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Herman J. Woltring
11-20-1991, 05:21 AM
Dear Biomch-L readers,

I think that the following, unusual paper merits attention, particularly
if mentioned from an email address at a Catholic University such as the
University of Nijmegen in The Netherlands. Following the uproar in the
United Kingdom some 120 years ago about James Galton's "Statistical
inquiries into the efficacy of prayer" (Forthnightly Review 12:125-135,
1872) as discussed by Nobel Laureate Sir Peter Medawar in his charming
booklet "Induction and Intuition in Scientific Thought" (Methuen, London
1967), the paper "Positive Therapeutic Effects of Intercessory Prayer in
a Coronary Care Unit Population" (Southern Medical Journal 81(7):826-829,
1988) by Randolph C. Bird MD in San Francisco ought to be less controver-
sial:

ABSTRACT: The therapeutic effect of intercessory prayer (IP) to the Judeo-
Christian God, one of the oldest forms of therapy, has had little attention
in the medical litterature. To evaluate the effects of IP in a coronary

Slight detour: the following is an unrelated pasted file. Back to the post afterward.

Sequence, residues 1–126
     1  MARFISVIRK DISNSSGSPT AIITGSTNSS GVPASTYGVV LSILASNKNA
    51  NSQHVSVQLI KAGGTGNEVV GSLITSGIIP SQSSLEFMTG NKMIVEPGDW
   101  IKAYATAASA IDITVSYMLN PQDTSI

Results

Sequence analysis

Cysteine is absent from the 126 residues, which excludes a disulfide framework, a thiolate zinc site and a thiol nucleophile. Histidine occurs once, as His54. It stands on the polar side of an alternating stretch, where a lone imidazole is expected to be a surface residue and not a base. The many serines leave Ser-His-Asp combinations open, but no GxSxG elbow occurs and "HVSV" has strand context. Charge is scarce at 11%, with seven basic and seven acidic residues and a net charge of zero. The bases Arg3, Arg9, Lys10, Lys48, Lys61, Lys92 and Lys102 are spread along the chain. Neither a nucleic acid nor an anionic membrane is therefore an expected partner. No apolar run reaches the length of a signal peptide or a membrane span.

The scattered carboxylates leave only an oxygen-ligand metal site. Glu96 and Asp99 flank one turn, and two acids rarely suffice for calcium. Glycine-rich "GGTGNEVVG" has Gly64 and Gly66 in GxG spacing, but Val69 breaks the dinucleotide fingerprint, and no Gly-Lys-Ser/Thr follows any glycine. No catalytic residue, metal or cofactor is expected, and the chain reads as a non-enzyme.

care unit (CCU) population, a prospective randomized double-blind protocol
was followed. Over ten months, 393 patients admitted to the CCU were ran-
domized, after signing informed consent, to an intercessory prayer group
(192 patients) or to a control group (201 patients). While hospitalized,
the first group received IP by participating Christians praying outside the
hospital; the control group did not. At entry, chi-square and stepwise
logistic analysis revealed no statistical difference between the groups.
After entry, all patients had follow-up for the remainder of the admission.
The IP group subsequently had a significantly lower severity score based on
the hospital course after entry (P < .01). Multivariant analysis separated
the groups on the basis of the outcome variables (P < .0001). The control
patients required ventilatory assistance, antibiotics, and diuretics more
frequently than patients in the IP group. These data suggest that inter-
cessory prayer to the Judeo-Christian God has a beneficial therapeutic effect
in patients admitted to a CCU.

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While the statistics of the paper are beyond me, the approach of this study
seems scientifically sound and worthy to be applied to the effects of other
modalities. Thus, what will be the efficacy of objective movement analysis
in surgical and rehabilitation protocols?

Herman J. Woltring (via TELNET from ASU, Tempe, AZ/USA)